TECHNOLOGY QUALIFICATION OF EQUIPMENT IN SUBSEA PRODUCTION SYSTEMS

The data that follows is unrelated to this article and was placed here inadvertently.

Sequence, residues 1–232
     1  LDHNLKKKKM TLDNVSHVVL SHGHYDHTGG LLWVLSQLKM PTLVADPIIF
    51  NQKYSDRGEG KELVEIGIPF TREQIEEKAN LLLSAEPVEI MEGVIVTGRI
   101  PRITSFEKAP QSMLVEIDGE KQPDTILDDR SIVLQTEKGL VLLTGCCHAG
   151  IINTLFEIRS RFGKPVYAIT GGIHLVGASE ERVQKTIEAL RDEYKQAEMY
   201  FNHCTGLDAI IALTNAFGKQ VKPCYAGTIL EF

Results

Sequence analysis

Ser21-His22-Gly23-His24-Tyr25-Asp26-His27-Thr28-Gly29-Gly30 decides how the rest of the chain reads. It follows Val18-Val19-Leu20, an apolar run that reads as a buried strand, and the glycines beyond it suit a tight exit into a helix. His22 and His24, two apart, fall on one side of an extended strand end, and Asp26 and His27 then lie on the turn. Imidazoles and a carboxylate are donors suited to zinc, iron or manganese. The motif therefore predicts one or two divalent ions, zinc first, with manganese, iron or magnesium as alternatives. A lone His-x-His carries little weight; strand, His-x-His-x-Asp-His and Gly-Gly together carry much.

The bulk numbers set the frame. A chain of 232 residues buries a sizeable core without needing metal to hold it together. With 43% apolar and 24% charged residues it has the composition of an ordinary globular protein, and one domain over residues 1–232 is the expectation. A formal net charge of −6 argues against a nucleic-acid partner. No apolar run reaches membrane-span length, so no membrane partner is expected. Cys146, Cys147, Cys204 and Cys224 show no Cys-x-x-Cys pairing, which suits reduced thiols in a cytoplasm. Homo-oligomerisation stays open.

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Development of new technology has always been an important activity for the oil and gas in- dustry. New technologies can streamline the production, improve the recovery rate and provide economic benefits. The implementation cost may be regarded as high, but the end result may totally easily turn out to have great economical advantages. The challenge is that new technology usually involves potential threats with high uncer- tainty. These factors must be managed prior to implementation. This is achieved through tech- nology qualification. The aim of technology qualification, is to provide sufficient evidence that the technology is fit for purpose. The master thesis begins to describe relevant key terms, qualification, verification and vali- dation. Each of these are discussed and compared which increases the understanding of quali- fication. In addition, different qualification methods are introduce and discussed. The methods describe how the qualification evidence is provided, through physical testing, analytical evalu- ation, or a combination as integrated qualification. An in-depth literature survey is introduced, where relevant qualification standards, recom- mendations and other governing documents are presented. General qualification documents provide guidance of how a general qualification should be executed in a project. Business- specific documents illustrate how the general documents are implemented into the business- specific procedures, as well as own guidance. Guidance for qualification of safety instrumented systems, and supplementary qualification documents are also mentioned. Some of the documents introduce technology qualification program and technology qualifi- cation process. A technology qualification program is the framework of how a technology qual- ification process should be executed. The process deals with a structured set off steps, intended to reduce threats, predict future outcomes, and provide evidence in order to determine whether the qualification requirements are met or not. A more detailed description of the qualification process presented by DNV-RP-A203 is provided. This process represents the recent and most up to date version of qualification, and is today considered as state of the art by the oil industry. The process includes six steps, that are, technology qualification basis, technology assessment, threat assessment, technology qualification plan, execution of the plan, and performance assessment. Companies that develop technology, needs guidelines for qualification. The thesis describes how and which documents that should be followed through the qualification, and identifies possible challenges, in more specific Aker Solutions and Statoil procedures. At the end of the thesis, a extensive qualification case study is documented based on the technology qualification process provided in DNV-RP-A203. A passive subsea inlet cooler unit is selected as case equipment. Such subsea technology are adopted from existing topside solu- tions, but modified to withstand other hostile operational and environmental conditions. Quali- fication requirements for the inlet cooler unit are identified in the technology qualification basis. The maturity of the unit is defined in the technology assessment, and critical failures found in the threat assessment. A qualification plan is developed with four different activities intended to reduce the critical failures. The plan is executed, and the performance assessment consid- ers to what extent the qualification requirements are met. Due to insufficient material, the last process step is inadequately reached. In addition, an extension of the case study is carried out in terms of a productions assur- ance analysis. The analysis is conducted using MIRIAM Regina, where a model is modulated with respect to failure modes identified in the threat assessment. Each failure mode is assigned different parameters, like failure rates and restoration time. The model is validated by com- petent staff at Aker Solutions. The simulation is carrier out with 25-year perspective, through 1000 replications. The simulated results shows that the average technical availability for the in- let cooler unit is 98,93%. Due to no availability requirement stated for the inlet cooler unit, the thesis does not draw any qualification conclusions. However, it indicates that, if this simulated value is higher than required availability, and additional requirements are met, then the inlet cooler unit is considered as qualified.